When a Job Interview Turns into Theft of Your Skills

When a Job Interview Turns into Theft of Your Skills

by Leslie Freeland, February 2, 2018

Work for free? I don’t think so.

Have you ever been asked to do a task or design something for a job interview? You want the job, right? So of course, you do what the interviewer asks, but stop and think for a minute, are they really testing your skills or doing something else?

Sometimes being asked to do a task is a very effective way to measure your skills to see if you can do the job, but sometimes it’s not – the potential employer ends up getting free work from you.

Some warning signs that you are being taken advantage of:

  • The task is a long, complicated project. It shouldn’t take more than an hour or so for you to complete.
  • They ask for work before the first interview.
  • The task is very vague. You are not sure what they want.
  • They ask you to sign something first.
  • They can use your work after you are gone for their own profit.

Some examples of reasonable vs unreasonable (aka free) work to test your skills:

  • Writing

    • Reasonable: asking you to write on a topic not related to their business to test your writing skills
    • Unreasonable: writing a blog post they could actually publish
      • Example: If an online pet store wants you to write a “test” blog post on washing a dog, your work will give them a free post they can publish on their current blog. But if they ask you to write on how to wash a car, it still tests your writing skills but does not provide them with your free work.
  • Programming

    • Reasonable: asking you to program something they already have and are currently using
      • Example: asking you to write code that creates drop-down boxes on a website, and they already have perfectly good drop-down boxes in place on their website. They are not asking you to create a new design for them to use – just seeing if you know how to do it.
    • Unreasonable: asking you to program something they do not have and are not using (they may be looking to buy this feature in the future)
      • Example: If they do not have drop-down boxes on their website, they might take your design and use it without paying you.
  • Cooking

    • Reasonable: asking you to make a meal the interviewers enjoy and evaluate
    • Unreasonable: asking you to cook a meal they will serve to customers
      • Note: they will make money from the meals you cook for customers
  • Designing

    • Reasonable: asking you to design logo ideas for a fictitious company
    • Unreasonable: asking you to design logo ideas for their company
  • Selling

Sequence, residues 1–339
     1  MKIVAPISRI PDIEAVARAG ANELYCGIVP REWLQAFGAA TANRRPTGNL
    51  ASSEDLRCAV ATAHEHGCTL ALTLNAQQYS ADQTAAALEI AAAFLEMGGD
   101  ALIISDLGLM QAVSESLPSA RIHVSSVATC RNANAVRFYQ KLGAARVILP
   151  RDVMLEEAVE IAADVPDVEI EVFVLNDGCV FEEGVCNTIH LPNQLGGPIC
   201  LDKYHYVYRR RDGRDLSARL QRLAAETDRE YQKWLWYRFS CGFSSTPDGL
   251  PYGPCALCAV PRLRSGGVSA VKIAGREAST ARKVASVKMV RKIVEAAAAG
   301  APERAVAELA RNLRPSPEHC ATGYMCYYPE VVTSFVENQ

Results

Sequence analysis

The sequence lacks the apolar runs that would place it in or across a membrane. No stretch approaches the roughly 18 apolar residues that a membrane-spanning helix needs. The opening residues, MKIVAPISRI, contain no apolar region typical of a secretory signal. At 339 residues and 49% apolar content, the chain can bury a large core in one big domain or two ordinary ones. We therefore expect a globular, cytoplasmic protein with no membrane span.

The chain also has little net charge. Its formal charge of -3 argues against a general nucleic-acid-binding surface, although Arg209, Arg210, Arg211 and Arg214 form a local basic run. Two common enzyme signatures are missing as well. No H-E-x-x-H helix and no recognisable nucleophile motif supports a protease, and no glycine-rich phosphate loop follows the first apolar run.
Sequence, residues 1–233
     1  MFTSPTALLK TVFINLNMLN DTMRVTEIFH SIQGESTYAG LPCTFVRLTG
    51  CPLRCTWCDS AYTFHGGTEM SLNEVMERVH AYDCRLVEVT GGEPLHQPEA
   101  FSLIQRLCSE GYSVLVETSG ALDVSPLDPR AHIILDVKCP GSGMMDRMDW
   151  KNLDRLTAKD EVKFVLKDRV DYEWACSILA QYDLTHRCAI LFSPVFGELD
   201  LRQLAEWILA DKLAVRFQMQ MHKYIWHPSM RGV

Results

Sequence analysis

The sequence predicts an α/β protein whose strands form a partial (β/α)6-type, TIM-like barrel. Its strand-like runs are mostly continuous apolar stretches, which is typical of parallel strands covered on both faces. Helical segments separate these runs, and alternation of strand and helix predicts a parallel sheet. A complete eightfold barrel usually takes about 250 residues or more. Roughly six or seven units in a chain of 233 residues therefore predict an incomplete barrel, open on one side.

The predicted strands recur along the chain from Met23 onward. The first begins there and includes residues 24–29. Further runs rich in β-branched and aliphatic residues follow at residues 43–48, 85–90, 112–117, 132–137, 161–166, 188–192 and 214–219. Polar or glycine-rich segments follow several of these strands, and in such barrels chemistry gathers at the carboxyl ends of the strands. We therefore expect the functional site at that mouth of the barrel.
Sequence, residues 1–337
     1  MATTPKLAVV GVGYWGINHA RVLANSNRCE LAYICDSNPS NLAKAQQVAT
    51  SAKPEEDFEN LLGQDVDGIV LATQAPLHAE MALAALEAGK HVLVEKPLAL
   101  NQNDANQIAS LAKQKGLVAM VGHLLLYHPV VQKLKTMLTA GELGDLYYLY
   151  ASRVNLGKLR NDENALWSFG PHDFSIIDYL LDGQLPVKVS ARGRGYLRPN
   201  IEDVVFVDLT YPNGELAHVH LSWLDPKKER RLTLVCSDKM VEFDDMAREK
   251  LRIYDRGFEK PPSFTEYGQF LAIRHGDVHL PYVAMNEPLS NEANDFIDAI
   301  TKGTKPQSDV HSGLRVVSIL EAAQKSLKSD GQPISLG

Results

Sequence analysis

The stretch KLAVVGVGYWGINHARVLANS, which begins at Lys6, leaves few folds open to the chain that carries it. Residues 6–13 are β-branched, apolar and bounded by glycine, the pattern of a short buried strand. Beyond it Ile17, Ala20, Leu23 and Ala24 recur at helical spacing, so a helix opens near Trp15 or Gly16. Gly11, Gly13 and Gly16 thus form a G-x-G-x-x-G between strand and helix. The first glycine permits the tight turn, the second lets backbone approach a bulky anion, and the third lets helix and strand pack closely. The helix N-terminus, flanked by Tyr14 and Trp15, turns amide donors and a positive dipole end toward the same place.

• Reasonable: asking you to (pretend to) sell a product to them (the interviewers) during the interview
    • Unreasonable: asking you to sell a product to an actual customer

Just think, if they are interviewing people to test the candidates’ ability to design websites, and they interview 10 candidates, they are going to get 10 completely different web design ideas for free!

 

The Test

Answer this one question: Can they use your completed task for their own profit?

If the answer is “Yes,” you are giving your work away for free.

And for those companies that actually use your work for profit, they are stealing.

One legitimate interview test is for them to give you a problem or task they have already solved and are just comparing your solution to their own solution with no intention of using your work for profit.

Some ways to protect yourself:

  • If you design something, make sure to put a watermark on the design or photo that states it can’t be duplicated.
  • Ask them how they will use your work. It should just be for testing your skills only.
  • If they want to use any part of your work as part of their business, they should pay you for it.
  • If the task is extensive and something you would normally charge for, such as a complete new website design for a company, let them know the rate you charge and bring up the fact that their “task” is a whole project they have ordered. Maybe offer to do something smaller as a test (that does not provide something they can profit from).

This is a tricky and sensitive situation to be in. There are many good reasons a company might want to see if you can actually do what you say. Just stay alert to the fact that some companies do steal ideas. You may want to pass on a job opportunity that pushes you to provide free work to continue the interview process or get the job.

 

The Bottom Line

If the work they ask you to do is something they would normally pay for, they might be taking advantage of you.

 

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Leslie Freeland

Leslie Freeland

Marketing Communications Coordinator at Asurea
After obtaining her Master’s Degree from CSU, Sacramento, Leslie joined Asurea as the Marketing Communications Coordinator in February 2015. Since then, she has been working closely with insurance professionals to educate the public on the importance of life insurance and protect the public from common scams to be aware of, insurance and otherwise.
Leslie Freeland